As the BBC News is currently reporting, the day after leave to appeal against the conviction of a businessman who attacked and permanently injured a burglar who had tied up his family was refused by the Court of Appeal, the businessman in question has been released.
Munir Hussain has had his sentence reduced from 30 months prison to 12 months, suspended for two years and a supervision order for those two years. As is common in the UK at present, Mr Hussain’s release is being touted as justice for those who feel it is right to be free to defend one’s family and self in one’s own home. However, the law already provides for this.
The Criminal Justice and Immigration Act 2008 continues the long and well-established tradition of preventing the prosecution of anyone who employs reasonable force in self-defence; or when attempting to prevent a lawfully arrested person from escaping.
So why was Mr Hussain convicted in the first place? If his family were tied up by burglars who had broken into his own home, surely he was allowed to defend himself and his family from these criminals?
Well yes, and also no.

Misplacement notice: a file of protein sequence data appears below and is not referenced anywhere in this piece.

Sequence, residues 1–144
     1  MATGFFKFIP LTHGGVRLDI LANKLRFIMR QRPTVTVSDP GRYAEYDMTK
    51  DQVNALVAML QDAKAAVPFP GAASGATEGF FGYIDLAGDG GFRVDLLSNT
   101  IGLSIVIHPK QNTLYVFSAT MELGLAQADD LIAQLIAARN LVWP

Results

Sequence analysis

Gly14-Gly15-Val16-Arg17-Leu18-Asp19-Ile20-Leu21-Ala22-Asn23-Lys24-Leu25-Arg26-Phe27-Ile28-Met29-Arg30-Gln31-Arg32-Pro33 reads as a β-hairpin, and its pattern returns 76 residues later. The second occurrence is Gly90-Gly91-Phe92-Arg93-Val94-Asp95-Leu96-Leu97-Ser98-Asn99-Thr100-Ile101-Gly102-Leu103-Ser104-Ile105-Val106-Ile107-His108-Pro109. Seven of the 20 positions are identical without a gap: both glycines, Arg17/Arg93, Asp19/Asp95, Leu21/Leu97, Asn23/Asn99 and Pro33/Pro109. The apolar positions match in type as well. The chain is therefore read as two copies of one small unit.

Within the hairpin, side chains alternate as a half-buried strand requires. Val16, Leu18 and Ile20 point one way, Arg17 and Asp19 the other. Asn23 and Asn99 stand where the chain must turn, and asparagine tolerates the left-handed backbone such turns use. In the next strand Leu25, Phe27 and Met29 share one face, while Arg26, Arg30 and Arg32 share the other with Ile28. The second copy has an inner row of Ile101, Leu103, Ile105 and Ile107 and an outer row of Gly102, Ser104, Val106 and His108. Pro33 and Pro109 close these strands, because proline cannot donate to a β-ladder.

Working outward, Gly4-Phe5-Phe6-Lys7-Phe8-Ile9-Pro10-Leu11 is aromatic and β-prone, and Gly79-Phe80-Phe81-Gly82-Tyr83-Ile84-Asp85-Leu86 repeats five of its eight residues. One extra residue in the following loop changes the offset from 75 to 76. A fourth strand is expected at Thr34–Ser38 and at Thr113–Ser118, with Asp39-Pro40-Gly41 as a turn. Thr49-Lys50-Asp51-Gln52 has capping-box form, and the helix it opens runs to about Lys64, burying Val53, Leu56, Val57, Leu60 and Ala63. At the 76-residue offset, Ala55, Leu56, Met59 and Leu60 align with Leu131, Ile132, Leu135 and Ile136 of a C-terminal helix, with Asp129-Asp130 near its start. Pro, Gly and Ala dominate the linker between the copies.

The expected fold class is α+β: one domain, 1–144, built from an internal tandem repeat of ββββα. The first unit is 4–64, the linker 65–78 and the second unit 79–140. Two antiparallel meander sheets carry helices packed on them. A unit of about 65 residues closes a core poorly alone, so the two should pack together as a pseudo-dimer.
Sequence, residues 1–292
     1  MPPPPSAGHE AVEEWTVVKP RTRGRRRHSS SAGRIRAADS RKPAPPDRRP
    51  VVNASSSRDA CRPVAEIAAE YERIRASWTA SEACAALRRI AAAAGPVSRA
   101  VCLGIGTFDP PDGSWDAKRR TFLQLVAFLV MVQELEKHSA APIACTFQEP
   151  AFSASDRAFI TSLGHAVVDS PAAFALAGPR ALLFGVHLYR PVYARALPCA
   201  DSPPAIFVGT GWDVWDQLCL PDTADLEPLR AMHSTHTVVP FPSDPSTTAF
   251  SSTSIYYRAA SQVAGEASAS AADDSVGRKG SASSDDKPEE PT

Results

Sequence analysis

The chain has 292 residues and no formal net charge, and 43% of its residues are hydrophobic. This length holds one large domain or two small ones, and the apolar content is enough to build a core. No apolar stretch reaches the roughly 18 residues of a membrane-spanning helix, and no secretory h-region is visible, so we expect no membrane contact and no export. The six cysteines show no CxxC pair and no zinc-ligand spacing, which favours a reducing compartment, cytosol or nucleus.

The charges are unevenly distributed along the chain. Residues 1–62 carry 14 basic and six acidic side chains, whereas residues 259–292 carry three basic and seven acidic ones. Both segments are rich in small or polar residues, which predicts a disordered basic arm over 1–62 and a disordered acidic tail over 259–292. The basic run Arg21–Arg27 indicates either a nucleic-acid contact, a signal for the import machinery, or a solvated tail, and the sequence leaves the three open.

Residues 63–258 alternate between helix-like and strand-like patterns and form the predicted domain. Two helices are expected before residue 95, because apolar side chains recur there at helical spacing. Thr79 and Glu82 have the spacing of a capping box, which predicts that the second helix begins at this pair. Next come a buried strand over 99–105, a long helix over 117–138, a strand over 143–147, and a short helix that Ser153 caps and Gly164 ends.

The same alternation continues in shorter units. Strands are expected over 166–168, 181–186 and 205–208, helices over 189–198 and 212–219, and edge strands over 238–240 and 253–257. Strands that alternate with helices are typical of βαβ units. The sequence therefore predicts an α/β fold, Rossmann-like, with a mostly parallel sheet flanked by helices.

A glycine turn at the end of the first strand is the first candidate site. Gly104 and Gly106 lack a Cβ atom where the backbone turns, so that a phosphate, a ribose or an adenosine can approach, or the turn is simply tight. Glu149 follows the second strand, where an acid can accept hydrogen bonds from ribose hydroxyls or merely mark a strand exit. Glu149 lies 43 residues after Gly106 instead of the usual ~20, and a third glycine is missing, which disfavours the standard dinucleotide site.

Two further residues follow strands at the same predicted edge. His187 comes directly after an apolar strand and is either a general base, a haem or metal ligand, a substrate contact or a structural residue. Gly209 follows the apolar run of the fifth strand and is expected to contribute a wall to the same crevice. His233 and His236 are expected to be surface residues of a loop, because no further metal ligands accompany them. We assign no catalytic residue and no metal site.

The problem is, from what the reports are saying, that he did not just limit himself to defending his family. He escaped from the burglars, went to his brother and then returned. The two men then chased the burglars out of the house and set upon them. This, it seems, is why he and his brother were arrested, tried and convicted.
For the self-defence to be successfully pleaded, one has to be in fear for one’s life, or the life of another. This has to be an immediate fear, not something that occurred in the past. Once Mr Hussain left his home to seek his brother’s help, the immediacy of the situation becomes problematic.
In addition, recruiting help to free his family was likely not an unreasonable move. Who wouldn’t think of going for help if help was nearby? But to chase someone down and commit serious assault on them once the family were safe? That goes beyond reasonable self-defence.
Chasing the burglars down and keep them from escaping until the police arrive is, of course, fine and a move that should be applauded. But beating them to a pulp is, quite simply, not on.